The Big Idea
Consultants are rebranding as pandemic-fighting experts as they try to stay essential amid a global recession. Here’s the TLDR to our field guide on consulting’s new challenges.
1⃣ Covid-19 is adding to existing threats facing the consulting industry.
2⃣ It’s a bad time to be looking for a job in consulting.
3⃣ But for many firms, the crisis is proving to be an opportunity.
4⃣ Executive coaches say they are busier than ever,
5⃣ and remote work is inspiring consultants to innovate.
Even before Covid-19, consulting firms were facing challenges from technology that had tipped the balance of power. Clients have access to information and resources online which they never had before, meaning they might need consultants’ advice less often. Online search and social media have also given clients new ways to find other consultants to work with, instead of just relying on the usual brand-name firms, heightening competition. Then the pandemic hit and consultants had to face an additional challenge—the inability to meet face to face when advising clients on matters vital to the future of their business.
Another potential problem: Some worry that since companies have been forced during the pandemic to make big changes on their own and on the fly, without waiting for consultants’ advice, they may conclude they don’t need as much as they thought they did.
The pandemic has frozen the US consulting industry. A deeply uncertain economy and travel restrictions have put the industry’s hiring on pause, making it an incredibly difficult time to be an aspiring consultant. The jobs listings site Indeed says that in mid-September, postings for US-based consultant jobs are down 56%, compared to just 18% for jobs overall. Glassdoor, another jobs site, also shows consulting job posting down 45% in September year-over-year, compared to 14% overall.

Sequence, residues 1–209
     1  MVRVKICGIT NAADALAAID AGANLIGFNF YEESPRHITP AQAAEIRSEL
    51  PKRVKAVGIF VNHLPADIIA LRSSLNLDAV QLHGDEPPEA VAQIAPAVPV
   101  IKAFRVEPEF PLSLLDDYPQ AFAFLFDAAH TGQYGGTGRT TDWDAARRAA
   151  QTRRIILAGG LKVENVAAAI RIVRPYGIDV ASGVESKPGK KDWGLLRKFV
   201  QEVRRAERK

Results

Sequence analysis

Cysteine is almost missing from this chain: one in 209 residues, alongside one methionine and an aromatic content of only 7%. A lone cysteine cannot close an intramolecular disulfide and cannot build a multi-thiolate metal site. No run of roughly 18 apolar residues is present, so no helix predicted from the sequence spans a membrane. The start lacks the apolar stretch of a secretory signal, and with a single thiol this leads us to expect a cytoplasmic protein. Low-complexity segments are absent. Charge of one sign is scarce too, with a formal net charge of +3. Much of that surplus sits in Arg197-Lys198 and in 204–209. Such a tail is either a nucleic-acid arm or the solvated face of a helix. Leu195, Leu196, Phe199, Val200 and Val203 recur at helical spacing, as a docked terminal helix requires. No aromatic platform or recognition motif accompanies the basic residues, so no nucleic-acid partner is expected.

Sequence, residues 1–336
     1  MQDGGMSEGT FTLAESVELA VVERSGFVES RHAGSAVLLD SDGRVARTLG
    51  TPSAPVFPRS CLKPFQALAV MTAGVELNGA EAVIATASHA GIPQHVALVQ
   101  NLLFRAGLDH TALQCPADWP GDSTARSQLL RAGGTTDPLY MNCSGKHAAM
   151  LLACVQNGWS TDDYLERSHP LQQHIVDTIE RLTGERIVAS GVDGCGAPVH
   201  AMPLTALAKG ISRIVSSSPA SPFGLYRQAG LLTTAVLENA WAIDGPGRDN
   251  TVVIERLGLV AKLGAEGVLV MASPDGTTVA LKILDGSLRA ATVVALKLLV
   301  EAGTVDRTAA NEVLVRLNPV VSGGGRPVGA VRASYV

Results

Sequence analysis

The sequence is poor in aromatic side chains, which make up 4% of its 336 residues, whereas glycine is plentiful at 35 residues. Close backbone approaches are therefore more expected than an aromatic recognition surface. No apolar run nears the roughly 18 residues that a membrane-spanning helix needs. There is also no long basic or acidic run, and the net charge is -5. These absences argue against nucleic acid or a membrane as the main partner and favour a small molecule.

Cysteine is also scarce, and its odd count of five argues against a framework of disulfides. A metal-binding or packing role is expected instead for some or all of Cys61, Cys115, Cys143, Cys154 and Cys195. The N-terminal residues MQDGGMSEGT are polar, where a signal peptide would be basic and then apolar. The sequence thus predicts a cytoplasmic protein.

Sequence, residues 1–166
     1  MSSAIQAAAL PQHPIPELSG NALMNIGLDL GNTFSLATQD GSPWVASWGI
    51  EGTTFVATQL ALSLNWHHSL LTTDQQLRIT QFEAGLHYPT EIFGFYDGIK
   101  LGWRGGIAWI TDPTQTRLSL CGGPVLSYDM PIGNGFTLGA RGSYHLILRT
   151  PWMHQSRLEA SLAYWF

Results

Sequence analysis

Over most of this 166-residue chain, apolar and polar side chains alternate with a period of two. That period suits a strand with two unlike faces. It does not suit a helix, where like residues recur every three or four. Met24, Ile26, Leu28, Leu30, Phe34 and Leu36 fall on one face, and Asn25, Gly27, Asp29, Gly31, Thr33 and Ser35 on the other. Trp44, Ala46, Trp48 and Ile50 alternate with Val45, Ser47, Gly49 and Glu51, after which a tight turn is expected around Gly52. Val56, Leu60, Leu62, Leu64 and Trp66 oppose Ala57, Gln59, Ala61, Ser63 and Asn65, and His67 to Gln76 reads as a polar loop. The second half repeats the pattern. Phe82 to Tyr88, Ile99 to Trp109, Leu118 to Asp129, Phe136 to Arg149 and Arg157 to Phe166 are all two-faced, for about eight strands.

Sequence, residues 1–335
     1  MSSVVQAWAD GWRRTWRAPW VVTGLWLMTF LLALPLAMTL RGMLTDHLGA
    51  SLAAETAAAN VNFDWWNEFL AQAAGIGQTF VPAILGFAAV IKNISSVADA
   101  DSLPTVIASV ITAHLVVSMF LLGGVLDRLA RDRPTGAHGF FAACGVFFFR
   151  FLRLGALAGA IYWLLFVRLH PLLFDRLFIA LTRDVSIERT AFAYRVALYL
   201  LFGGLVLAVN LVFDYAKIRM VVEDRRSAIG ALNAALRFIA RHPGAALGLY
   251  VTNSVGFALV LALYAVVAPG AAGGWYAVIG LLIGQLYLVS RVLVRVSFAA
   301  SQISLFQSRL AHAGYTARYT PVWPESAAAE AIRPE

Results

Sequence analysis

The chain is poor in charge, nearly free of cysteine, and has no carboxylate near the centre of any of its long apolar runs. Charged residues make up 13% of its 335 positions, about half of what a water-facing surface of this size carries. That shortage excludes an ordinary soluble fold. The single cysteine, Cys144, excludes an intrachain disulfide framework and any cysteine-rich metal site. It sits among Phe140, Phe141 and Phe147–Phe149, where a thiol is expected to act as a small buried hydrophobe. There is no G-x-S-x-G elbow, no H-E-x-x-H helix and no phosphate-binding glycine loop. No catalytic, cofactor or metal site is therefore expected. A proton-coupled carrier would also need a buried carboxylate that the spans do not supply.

Limited layoffs, low turnover, and the drop in business travel are likely contributors to the lack of new jobs.
In some ways, companies may need consultants more during the pandemic, not less. Need to pivot to having all your employees work from home? Consultants can help you with that. Is your company struggling financially, and needs to restructure or even file for bankruptcy? More ways for consultants to counsel you and charge for it.
Covid-19 required clients “to change virtually every aspect of their business faster than ever before,” Accenture CEO Julie Sweet told analysts who cover the company on a September conference call. “And they are turning to us to help them embrace that need for change and become stronger.”
Executive coaching is an estimated $3 billion-a-year global industry, with the median rate for a coach hovering around $500 an hour. And though revenue in the coaching field might be hurt this year by the coronavirus pandemic, it’s still been a busy time for executive coaches, as business leaders seek guidance on everything from managing layoffs to navigating racial issues at work to handling uncertainty.
Since their clients tend to lead busy lives, many coaches have long offered virtual sessions. But with the pandemic, the shift to online coaching has been more deliberate—which comes with pros and cons—and has brought about some changes to their businesses.
“I think the pandemic has really led people to realize: I need additional support,” says Melody Wilding, an executive specializing in highly sensitive people, and one of six coaches we checked in with for this guide.
When lockdowns forced consultants the world over to work from home, one of the first questions that they had to confront was how they would replicate the on-site client experience so central to their work. More specifically, they had to find a suitable stand-in for their whiteboards. The sudden need to replicate brainstorming online has increased the popularity of collaborative, digital whiteboards. But it’s also led to other creative in-house solutions.
“We found both the value of some of the new tools has surprised us, [as well as] our workarounds to creating great experiences with clients…it has created its own interesting kind of energy,” says Clark Scheffy, a partner and managing director at IDEO, a global design consultancy. “I believe when we return to whatever this next world is after the pandemic, many of the things we’ve discovered and created will continue because they provide a unique value.”